5.Soak Up The Sunshine
Even if it’s cold, you can get out there on sunny days and enjoy that sunshine. The lack of sunshine can certainly affect our moods, so when the sun’s shining brightly, bundle up and get out there. There may not be a ton of things to do if it’s freezing or there’s snow piled up high, but even walking around the block on sunny days might suffice to keep the winter blues away.
6.Engage In A Hobby
For some people, trying out a new hobby during the winter helps them in a variety of ways. If being stuck inside due to harsh weather in the winter gets you bored or down, consider starting a new hobby.
Is there something you used to do that you’ve put on the shelf for a while? Maybe it’s time to get it off the shelf and get started again. Is there something you’ve wanted to try but just haven’t taken the time yet?
Make a list of activities or hobbies you’d like to try and then narrow it down. Maybe you’ve wanted to start oil painting or wood carving, but you’ve put it off. There are plenty of hobbies to choose from, such as writing, dancing, hunting, singing, yoga, and more.
7.Believe You Can
Your thoughts play an important role in your attitudes and behavior. To get through winter sober, believe that you can. Of course, you can back that belief up with actions, such as the tips listed here. At the same time, know that many men and women who desire long-lasting sobriety can and do make it through winter without picking up a drink. You can too!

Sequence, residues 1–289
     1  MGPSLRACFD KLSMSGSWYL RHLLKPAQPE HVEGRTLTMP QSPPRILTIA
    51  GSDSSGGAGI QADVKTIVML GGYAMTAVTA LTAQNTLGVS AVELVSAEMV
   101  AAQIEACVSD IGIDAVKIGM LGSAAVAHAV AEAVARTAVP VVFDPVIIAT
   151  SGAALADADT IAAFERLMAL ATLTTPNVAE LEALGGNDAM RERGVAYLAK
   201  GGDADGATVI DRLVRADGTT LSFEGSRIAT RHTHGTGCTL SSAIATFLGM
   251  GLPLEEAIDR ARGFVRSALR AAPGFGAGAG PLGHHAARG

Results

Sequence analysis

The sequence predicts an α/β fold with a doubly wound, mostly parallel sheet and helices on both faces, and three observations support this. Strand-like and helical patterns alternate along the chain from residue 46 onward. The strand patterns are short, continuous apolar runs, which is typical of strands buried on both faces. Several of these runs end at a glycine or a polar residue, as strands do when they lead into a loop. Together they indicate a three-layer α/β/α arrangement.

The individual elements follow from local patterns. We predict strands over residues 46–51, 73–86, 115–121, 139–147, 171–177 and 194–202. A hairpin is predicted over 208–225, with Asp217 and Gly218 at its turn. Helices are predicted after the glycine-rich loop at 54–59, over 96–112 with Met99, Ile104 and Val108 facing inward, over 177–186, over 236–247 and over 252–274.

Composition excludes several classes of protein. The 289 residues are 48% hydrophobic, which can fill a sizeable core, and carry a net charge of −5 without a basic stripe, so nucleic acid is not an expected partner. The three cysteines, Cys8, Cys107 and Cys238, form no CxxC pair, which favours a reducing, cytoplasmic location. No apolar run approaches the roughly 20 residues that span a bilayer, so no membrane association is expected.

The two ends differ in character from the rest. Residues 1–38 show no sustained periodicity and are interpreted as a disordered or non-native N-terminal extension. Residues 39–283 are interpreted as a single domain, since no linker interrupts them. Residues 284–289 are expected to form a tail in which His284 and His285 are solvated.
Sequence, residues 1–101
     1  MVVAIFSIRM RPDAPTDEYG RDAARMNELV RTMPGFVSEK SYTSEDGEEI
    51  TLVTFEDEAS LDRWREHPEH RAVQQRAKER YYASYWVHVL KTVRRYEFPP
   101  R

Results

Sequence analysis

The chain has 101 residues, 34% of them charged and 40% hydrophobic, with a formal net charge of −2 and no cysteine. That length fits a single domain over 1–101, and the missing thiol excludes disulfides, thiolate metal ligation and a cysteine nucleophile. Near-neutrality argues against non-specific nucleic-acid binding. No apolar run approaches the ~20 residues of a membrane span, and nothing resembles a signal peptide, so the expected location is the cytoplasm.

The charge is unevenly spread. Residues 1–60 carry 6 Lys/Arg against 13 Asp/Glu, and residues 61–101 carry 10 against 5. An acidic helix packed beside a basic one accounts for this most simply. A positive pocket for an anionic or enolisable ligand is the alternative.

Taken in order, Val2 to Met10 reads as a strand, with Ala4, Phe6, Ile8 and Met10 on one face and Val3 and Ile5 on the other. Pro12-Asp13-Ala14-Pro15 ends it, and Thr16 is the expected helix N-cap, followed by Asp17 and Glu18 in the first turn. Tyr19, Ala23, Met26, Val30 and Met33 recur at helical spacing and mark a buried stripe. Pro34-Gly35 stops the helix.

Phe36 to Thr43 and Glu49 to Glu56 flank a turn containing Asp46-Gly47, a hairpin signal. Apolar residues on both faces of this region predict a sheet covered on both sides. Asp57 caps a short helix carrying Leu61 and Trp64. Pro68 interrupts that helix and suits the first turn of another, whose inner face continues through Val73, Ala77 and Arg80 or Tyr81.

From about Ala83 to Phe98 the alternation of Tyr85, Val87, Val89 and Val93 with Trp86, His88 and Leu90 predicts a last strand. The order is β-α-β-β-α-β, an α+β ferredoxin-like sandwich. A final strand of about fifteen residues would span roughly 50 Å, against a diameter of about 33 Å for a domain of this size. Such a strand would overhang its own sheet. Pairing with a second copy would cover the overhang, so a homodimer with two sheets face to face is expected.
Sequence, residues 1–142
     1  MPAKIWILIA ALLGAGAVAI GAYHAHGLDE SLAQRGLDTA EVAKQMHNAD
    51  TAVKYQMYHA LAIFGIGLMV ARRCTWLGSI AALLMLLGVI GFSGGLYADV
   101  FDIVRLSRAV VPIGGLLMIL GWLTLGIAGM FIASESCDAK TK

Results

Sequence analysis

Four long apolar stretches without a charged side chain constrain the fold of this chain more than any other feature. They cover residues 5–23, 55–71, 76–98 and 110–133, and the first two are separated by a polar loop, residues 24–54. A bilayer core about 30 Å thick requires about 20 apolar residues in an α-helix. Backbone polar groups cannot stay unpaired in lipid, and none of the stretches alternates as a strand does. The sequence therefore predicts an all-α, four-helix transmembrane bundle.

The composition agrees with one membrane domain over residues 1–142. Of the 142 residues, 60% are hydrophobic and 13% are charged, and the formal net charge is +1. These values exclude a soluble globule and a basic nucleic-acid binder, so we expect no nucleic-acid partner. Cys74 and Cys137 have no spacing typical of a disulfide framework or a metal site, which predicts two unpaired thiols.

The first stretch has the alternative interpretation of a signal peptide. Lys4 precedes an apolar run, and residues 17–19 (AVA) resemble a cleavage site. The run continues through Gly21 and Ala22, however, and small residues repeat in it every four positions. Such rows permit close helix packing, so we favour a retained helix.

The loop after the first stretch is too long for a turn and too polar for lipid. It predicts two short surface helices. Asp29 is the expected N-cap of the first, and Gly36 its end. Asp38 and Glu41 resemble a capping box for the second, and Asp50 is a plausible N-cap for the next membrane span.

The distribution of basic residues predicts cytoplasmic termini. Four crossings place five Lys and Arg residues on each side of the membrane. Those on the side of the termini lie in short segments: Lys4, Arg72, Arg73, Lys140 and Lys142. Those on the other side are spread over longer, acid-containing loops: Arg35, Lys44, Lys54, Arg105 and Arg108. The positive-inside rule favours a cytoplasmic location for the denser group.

How To Stay Sober Through WinterDepending on where you live, you may or may not have to contend with snow, ice, freezing temperatures, and cloudy days. If you do, know that these factors don’t have to mess you up when it comes to your recovery success. You’ve put a lot of time and effort into your sobriety, and the weather just doesn’t have to steal that from you.
It’s certainly possible to stay sober through winter. If you find yourself struggling, take the necessary steps toward getting some support. Chances are, you know what to do, so go ahead and be proactive. And, take these tips into consideration and put the thought out there that you’re going to enjoy this winter more than you’ve ever enjoyed it before – sober and free.
Need Addiction Recovery Help?If you or a loved one is struggling with an addiction to alcohol or a drug, know that treatment can help. Here at iRecover Treatment Centers in Alberta, British Columbia, and Newfoundland, we’re here around the clock to assist you. Addiction treatment in Canada can be just what you need to begin creating the kind of life you truly desire. Give us a call at 877-387-4155 and get started on your recovery journey now.
Around the holidays, we tend to hear a lot about the power of gratitude – especially Thanksgiving. Families and friends gather around the table and offer thankfulness for the opportunity to visit and for the blessings in life.
For those in recovery from addiction, gratitude is something that you may want to think about more often than the holidays though. In fact, gratitude can be quite a powerful force in your life, helping you remain on the sobriety path long-term.
What Is Gratitude?